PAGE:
Politicians want Silicon Valley to “disrupt” terrorism; Donald Trump’s words; and more.
Crypto wars: Speaking to the nation from the Oval Office Sunday night, President Obama suggested that among the new steps his administration will take in response to the emergence of home-grown terrorist attacks against Americans is to “urge high-tech and law enforcement leaders to make it harder for terrorists to use technology to escape from justice.”
Speaking at the Brookings Institution, Democratic presidential candidate Hillary Clinton said she wants Silicon Valley to do more to “disrupt” or take down Islamic State websites, videos and encrypted communications, David Sanger reports for the New York Times. (Note to TechCrunch Disrupt: don’t think she means you.)
Deepa Seetharaman, Alistair Barr, and Yoree Koh report for the Wall Street Journal on how Facebook, YouTube and Twitter already monitor and block some objectionable content but worry about censoring legitimate news.
Leaked documents obtained by Le Monde suggest that France’s government is seeking to ban free and/or shared Wi-Fi during a state of emergency and to forbid the use of the Tor anonymous browser, Sebastian Anthony of Ars Technica reports. (h/t Tim Karr)
“To this day, there’s hardly any publicly available evidence that the Paris attackers used encrypted communications to plan their attack,” Trevor Timm of the Freedom of the Press Foundation writes in the Columbia Journalism Review. That fact hasn’t stopped journalists, who actually need strong encryption to do their jobs, from parroting government officials claiming that it was time to “ban encryption.”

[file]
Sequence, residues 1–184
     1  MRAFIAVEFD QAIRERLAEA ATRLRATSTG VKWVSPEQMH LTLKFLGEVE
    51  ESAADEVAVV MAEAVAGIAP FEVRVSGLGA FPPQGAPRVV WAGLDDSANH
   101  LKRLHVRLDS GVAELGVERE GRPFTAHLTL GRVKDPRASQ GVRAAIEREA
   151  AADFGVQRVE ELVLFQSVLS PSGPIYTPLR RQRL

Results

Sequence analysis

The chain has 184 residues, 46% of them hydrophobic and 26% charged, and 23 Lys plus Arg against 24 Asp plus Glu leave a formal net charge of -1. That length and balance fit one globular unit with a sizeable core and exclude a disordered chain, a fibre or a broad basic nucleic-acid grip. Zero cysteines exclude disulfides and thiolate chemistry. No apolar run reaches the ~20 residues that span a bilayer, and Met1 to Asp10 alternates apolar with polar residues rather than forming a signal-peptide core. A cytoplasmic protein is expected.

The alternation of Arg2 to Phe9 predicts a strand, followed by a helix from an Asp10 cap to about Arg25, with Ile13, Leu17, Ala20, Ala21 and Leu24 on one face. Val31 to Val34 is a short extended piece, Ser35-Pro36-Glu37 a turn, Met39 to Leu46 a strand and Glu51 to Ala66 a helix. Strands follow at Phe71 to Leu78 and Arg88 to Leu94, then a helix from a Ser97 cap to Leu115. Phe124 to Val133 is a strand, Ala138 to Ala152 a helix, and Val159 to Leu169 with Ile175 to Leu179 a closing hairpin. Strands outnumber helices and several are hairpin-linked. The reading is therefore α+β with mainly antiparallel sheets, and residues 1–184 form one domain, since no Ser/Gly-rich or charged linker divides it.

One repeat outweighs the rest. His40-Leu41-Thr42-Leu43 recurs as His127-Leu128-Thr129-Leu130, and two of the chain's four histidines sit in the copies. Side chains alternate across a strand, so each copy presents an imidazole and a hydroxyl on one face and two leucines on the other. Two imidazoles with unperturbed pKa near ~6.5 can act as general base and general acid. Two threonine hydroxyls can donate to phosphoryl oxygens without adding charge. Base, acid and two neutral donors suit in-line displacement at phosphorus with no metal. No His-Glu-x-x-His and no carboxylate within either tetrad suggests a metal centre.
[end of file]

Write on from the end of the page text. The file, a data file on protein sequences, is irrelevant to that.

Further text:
Trump watch: The New York Times’ Patrick Healy and Maggie Haberman took a close look at the 95,000 words that tripped from Donald Trump’s tongue over the last week, and found “many of them ominous.”
Remember net neutrality? Susan Crawford explains how Comcast’s sly promotion of “usage-based billing allows a cascade of practices that will make a mockery of net neutrality.”
Related: The FCC defended its new neutrality regulations in court Friday, and while the case will undoubtedly get pushed up to the Supreme Court, observers felt the legal ground to maintain its reclassification of internet service under Title II of the Telecommunications Act was solid, Dante D’Orazio reports for The Verge.
Natasha Singer reports for the New York Times on how consumer technology is designed to addict you to constant distractions, and why some in the industry like Tristan Harris of Google (and friend of PDM) are fighting back.
This is civic tech: New York City’s Big Apps competition, which just announced its latest round of winners, has come “a long way from the Washington, D.C., local government’s ‘Apps for Democracy’ contest in 2008, which hinted at the promise of opening up data for public benefit, but failed to deliver meaningful long-term social change or services,” Alex Howard of the Huffington Post writes.